Carrboro, North Carolina
Born and raised in central Maine, my youth was spent mowing the lawn, kicking a soccer ball against the garage doors, and trying to sneak sugar cereal out of the kitchen cupboards after I was put to bed. More about Tim
South Royalton, Vermont
I am a baby boomer who grew up in a time when the trend in food was convenience and speed. It wasn't the fast-food era, but a post-World War II time when ... More about Warren
We live in Holliston, Massachusetts. When we bought our house in Holliston about 27 years ago, Holliston was a rural/residential town of about 13,000 people. More about Barbara
Wallace, West Virginia
My name is Autumn. I'm 24 years old, and I live in rural north-central West Virginia. I was born and raised in West Virginia, and in 2005 I graduated from ... More about Autumn
My personal interests revolve around the environment, both knowing more about it and getting outside and enjoying my surroundings. This led me down an educational path to ... More about April
We've returned from a 12-day vacation (including four days of driving, yuck!) on the Gulf Coast of Florida -- St. Petersburg, to be specific. I wondered how my local-eating pledge would stand up under the strain of travel and unfamiliar eateries, especially in an area where, as a Florida resident pointed out in a comment on my previous post, agricultural land is quickly being swallowed by real estate development. So I'm happy to report that I did a pretty good job, averaging around 50% local foods throughout the trip.
Largely, this was accomplished through the fact that we brought a lot of food with us ... pretty much all of our perishables, as well as some staples to make simple meals at "home" (we stayed at a relative's house). I was happy to buy good local bagels, which I can't find in my area of West Virginia. And perhaps best of all, there was a grapefruit tree in the back yard! I didn't realize how much I've been missing fresh fruit -- even before this project began, I rarely bought fresh fruit in winter, aside from apples, but I always miss it.
On the evening of our arrival, I ventured out to Publix to stock up on organic produce and a few other items. As far as supermarkets go, Publix is a rather benevolent example of the genre. Based in Lakeland, Florida, Publix is the largest employee-owned supermarket chain in the U.S. It has implemented several company-wide energy-saving and recycling programs and has declared its commitment to local product sourcing. I found lots of organic choices there, including a variety of fruits and veggies grown in Florida and the Southeastern U.S. The company also produces a line of items under the brand name GreenWise Market, which includes organic foods; recycled paper products; and meats and seafood raised without added hormones or antibiotics.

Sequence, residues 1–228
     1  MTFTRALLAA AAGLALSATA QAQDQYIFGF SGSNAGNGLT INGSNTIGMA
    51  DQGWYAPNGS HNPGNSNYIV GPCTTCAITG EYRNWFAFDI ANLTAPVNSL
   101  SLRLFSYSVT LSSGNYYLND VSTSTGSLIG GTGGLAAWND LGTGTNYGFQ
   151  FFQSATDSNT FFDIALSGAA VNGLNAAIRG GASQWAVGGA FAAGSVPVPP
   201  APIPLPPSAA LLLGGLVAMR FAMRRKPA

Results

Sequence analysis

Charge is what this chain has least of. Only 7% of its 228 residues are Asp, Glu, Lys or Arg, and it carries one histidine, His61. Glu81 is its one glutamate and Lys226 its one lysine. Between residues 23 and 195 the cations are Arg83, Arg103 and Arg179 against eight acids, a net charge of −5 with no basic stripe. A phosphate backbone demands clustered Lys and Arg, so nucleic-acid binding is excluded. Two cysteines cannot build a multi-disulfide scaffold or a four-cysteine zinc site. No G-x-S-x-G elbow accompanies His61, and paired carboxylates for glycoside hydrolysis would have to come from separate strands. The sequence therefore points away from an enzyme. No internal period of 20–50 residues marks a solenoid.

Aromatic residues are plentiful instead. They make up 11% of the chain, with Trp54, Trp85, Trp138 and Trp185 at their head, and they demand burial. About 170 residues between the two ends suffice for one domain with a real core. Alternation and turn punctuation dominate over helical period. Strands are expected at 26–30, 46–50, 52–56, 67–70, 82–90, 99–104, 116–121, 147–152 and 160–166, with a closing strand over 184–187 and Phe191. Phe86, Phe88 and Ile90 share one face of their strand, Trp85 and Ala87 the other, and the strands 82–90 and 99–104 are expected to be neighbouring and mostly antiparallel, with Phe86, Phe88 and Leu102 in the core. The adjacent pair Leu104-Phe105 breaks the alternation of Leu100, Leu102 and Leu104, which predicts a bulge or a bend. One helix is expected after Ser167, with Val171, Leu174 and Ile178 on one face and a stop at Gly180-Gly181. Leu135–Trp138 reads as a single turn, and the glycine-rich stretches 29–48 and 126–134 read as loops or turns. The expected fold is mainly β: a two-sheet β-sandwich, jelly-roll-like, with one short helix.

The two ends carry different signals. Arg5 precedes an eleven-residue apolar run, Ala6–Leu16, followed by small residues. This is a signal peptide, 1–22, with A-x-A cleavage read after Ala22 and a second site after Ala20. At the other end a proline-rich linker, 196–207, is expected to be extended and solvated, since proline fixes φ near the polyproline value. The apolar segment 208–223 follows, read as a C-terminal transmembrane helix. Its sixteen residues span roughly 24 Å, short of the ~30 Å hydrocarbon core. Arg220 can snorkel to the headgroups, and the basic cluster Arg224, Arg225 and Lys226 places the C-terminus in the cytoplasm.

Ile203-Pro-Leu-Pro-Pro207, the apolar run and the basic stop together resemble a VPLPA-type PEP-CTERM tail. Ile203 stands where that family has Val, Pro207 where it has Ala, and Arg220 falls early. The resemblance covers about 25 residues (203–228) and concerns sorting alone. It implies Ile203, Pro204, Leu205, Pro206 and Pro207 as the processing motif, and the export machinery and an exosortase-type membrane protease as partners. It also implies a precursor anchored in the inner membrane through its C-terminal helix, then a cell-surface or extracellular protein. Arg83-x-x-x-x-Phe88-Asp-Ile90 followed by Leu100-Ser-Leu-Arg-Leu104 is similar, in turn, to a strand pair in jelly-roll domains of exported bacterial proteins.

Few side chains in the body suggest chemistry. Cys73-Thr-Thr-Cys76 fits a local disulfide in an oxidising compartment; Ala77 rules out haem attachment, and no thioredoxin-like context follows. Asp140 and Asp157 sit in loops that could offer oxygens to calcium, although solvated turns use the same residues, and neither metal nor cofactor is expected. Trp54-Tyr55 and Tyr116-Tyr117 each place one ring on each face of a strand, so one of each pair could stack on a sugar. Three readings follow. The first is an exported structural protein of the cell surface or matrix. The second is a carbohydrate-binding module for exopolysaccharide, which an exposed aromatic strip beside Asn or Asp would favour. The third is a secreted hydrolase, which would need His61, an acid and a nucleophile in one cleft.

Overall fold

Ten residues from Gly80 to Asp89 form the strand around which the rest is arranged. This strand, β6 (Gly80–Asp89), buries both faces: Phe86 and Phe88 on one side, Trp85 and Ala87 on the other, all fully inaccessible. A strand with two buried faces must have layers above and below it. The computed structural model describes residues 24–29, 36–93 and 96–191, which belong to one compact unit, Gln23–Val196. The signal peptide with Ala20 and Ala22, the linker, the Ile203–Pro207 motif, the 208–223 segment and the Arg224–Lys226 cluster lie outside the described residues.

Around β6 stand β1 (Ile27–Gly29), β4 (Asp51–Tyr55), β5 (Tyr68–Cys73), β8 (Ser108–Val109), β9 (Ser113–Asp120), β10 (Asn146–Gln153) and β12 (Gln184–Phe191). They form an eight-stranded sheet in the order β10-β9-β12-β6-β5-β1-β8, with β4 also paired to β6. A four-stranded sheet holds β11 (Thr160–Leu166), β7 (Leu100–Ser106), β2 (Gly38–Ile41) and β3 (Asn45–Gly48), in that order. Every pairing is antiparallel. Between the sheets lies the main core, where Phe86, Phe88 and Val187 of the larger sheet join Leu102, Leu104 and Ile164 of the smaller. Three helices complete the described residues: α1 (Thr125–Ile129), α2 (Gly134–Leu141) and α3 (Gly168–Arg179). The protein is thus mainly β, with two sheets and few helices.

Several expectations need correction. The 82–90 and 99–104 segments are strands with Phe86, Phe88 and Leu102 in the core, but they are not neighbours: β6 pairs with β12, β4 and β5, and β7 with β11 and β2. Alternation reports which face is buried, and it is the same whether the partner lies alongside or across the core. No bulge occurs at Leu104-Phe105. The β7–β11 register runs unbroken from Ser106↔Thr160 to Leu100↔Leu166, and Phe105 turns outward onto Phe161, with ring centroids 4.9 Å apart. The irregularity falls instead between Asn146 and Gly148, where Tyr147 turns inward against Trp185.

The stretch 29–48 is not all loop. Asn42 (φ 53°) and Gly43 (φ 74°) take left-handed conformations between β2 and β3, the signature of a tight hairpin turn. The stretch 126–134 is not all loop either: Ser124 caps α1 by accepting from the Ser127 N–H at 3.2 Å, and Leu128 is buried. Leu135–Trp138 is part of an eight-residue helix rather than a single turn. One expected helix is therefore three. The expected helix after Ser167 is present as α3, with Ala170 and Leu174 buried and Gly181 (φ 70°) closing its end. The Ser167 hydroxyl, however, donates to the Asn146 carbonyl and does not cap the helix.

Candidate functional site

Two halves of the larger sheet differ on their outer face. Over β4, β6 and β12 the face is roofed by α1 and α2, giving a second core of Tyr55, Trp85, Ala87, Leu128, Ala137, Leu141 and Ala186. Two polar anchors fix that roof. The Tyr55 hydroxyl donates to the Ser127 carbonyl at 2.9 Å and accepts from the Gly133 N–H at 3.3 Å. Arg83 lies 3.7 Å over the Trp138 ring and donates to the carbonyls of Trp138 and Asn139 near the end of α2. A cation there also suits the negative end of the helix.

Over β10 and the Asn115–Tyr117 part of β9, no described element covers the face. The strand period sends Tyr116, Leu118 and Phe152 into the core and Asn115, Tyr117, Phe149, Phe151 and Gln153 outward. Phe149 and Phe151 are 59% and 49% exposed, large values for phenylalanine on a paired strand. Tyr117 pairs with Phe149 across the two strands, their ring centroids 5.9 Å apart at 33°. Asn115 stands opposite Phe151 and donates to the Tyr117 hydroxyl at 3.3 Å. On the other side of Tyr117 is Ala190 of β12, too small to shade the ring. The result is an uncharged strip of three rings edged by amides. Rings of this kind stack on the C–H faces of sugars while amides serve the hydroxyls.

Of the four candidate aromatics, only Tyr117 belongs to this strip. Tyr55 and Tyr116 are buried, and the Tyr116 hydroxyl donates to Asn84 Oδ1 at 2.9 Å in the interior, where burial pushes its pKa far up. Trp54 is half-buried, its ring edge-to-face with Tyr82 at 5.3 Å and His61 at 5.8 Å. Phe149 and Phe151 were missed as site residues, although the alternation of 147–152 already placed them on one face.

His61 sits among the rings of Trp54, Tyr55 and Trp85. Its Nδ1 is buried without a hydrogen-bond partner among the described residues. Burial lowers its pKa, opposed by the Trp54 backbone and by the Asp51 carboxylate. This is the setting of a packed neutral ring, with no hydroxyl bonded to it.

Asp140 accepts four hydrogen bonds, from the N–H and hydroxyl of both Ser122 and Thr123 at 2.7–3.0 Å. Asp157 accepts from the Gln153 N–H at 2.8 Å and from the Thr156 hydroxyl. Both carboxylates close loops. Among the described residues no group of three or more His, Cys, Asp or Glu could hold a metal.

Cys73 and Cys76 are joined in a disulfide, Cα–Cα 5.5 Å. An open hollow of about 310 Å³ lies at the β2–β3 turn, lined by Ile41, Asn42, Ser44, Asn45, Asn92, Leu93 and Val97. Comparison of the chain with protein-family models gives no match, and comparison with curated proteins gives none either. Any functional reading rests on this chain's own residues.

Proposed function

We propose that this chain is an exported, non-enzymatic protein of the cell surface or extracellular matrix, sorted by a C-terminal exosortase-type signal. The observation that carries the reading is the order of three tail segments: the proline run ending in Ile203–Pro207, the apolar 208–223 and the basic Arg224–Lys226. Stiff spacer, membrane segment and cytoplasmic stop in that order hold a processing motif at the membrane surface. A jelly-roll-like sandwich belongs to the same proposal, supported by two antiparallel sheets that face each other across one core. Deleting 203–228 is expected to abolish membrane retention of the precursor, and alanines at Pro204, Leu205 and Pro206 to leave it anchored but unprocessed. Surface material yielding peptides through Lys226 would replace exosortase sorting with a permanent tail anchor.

When eating out, I tried hard to choose Gulf seafood that is considered acceptable by guides such as the Monterey Bay Aquarium Seafood Watch Program. This meant no grouper or red snapper. Instead, I ate some absolutely fantastic yellowfin tuna, as well as mahi mahi, shrimp, calamari, crab, and clams. Yum, yum, yum, and yum. But I'm not gonna lie to you, folks: I also ate a few completely non-local, non-sustainable meals, especially on the drive to and fro. And, of course, the inevitable crunchy snacks while driving. But what the heck, it was a vacation!
On the way home we stopped at a citrus orchard to buy a bushel of grapefruits, oranges, and some sort of orange-tangerine hybrid. Hancock Orchards has been owned by the same family for 100 years, and it is not the kind of tourist trap you usually see advertised along the highways of Florida ("Oranges! Disney T-shirts! Seashells! 13-foot Alligator!"). The store was basically a warehouse filled with citrus. Employees drove tractors with end-loaders full of fruit into the warehouse and dumped their loads into large crates. Customers picked through the crates, mixing and matching what they wanted in 1/4-, 1/2-, or full-bushel bags. The owner was working in the store. He rang up our order and encouraged me to stuff even more fruit in a sack that I mistakenly thought was already full. I have become a citrus glutton, and I show no signs of slowing down until every last juicy slice is in my belly.
Next time: Springtime on the farm!